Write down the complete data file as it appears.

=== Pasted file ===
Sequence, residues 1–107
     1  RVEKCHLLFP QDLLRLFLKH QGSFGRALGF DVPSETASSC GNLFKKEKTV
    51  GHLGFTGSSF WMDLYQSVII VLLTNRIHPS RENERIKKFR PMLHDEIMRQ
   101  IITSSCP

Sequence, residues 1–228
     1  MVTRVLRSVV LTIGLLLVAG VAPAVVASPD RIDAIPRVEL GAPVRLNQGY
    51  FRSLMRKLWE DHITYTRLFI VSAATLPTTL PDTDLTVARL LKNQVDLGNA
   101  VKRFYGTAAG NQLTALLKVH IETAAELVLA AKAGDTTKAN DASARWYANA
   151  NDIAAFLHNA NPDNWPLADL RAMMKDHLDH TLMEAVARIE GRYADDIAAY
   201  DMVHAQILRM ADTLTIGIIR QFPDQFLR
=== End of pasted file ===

Sequence, residues 1–107
     1  RVEKCHLLFP QDLLRLFLKH QGSFGRALGF DVPSETASSC GNLFKKEKTV
    51  GHLGFTGSSF WMDLYQSVII VLLTNRIHPS RENERIKKFR PMLHDEIMRQ
   101  IITSSCP

Sequence, residues 1–228
     1  MVTRVLRSVV LTIGLLLVAG VAPAVVASPD RIDAIPRVEL GAPVRLNQGY
    51  FRSLMRKLWE DHITYTRLFI VSAATLPTTL PDTDLTVARL LKNQVDLGNA
   101  VKRFYGTAAG NQLTALLKVH IETAAELVLA AKAGDTTKAN DASARWYANA
   151  NDIAAFLHNA NPDNWPLADL RAMMKDHLDH TLMEAVARIE GRYADDIAAY
   201  DMVHAQILRM ADTLTIGIIR QFPDQFLR